Food Safety Storage Tips

Should you pitch that carton of milk with the passed-by expiration date? Or what about slightly wilted produce in the refrigerator? They might be OK.

Here are some rules to remember when storing food:

Milk: Once opened, milk will last for four to seven days after the sell by date. If it smells off, toss it. 

Butter: Because it’s mostly fat, butter will keep for one-to-two months in the refrigerator (6 months in the freezer). 

Eggs: You can hang on to eggs for about a month past the date stamped on the carton. To test it out, place the egg in a bowl of water. If it lays on its side, its fresh. If it stands up, eat it as soon as possible. But if it floats to the top, it’s spoiled.

Produce Freshness

Here are some tips for keeping your produce fresh for longer:

  1. Do not wash your produce ahead of time. Store it dry. 
  2. Before preparation, wash fruits and vegetables with brisk running water. To remove unwanted pesticide residue, soak your produce in a solution of one teaspoon of baking soda in 2 cups water, rinse and dry. 
  3. Softest foods first. Lettuce, berries, tomatoes, cucumbers and avocados are tender by nature, so eat sooner than later. 
  4. Wrap lettuce and greens in a paper towel and store in plastic bags. Limp lettuce and greens can be refreshed in an ice water bath before preparing (discard brown leaves).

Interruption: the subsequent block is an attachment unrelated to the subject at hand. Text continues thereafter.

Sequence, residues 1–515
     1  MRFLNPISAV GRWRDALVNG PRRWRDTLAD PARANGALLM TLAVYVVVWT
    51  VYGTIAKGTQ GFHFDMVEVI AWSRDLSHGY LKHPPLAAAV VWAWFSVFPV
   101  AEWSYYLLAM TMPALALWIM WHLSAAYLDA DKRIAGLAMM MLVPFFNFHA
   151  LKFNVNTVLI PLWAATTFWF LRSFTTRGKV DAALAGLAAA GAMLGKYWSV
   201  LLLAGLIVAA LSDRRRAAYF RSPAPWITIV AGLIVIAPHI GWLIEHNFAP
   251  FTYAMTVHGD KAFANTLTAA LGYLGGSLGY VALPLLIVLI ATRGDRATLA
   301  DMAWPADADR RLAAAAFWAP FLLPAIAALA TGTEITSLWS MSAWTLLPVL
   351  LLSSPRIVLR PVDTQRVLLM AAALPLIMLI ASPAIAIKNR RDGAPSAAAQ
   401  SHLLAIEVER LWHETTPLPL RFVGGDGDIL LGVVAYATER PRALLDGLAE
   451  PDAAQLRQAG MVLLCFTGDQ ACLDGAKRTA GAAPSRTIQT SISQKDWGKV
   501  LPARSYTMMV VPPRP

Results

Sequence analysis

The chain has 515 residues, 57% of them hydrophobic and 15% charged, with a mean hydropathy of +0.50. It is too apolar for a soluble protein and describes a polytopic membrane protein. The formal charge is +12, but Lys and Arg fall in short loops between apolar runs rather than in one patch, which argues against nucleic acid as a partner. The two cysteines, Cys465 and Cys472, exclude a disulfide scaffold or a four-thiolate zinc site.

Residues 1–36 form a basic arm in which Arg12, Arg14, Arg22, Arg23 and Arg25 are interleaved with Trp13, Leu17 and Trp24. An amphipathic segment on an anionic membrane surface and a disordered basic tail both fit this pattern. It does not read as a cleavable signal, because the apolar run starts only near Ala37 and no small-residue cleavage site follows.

5. Store scallions (roots down) and fresh herbs (cut side down) like bouquets of flowers in an inch of room temperature water (check often). If you don’t use the herbs quickly enough, cut the ends and wrap them in paper towel. 
  6. Asparagus will stay fresher longer with the ends cut, place in a tall glass with water to cover the ends and store in the refrigerator. 
  7. Store cleaned and cut carrots, celery and radishes in a tub of cold water in the refrigerator to keep them crisp. Change out the water every day or two. 
  8. Keep potatoes, onions and bananas (they emit gasses) away from other fruits and vegetables and store in a cool, dry area. 
  9. Don’t forget to freeze fresh foods. Foods like whole tomatoes, berries, and other fruits freeze well. Lay them out on a sheet pan, freeze and place in bags. Frozen produce are ideal for a sauce or dessert. 

 

Kimberly Lord Stewart is an award-winning food and health journalist and author of Eating Between the Lines, the supermarket shopper’s guide to food labeling.

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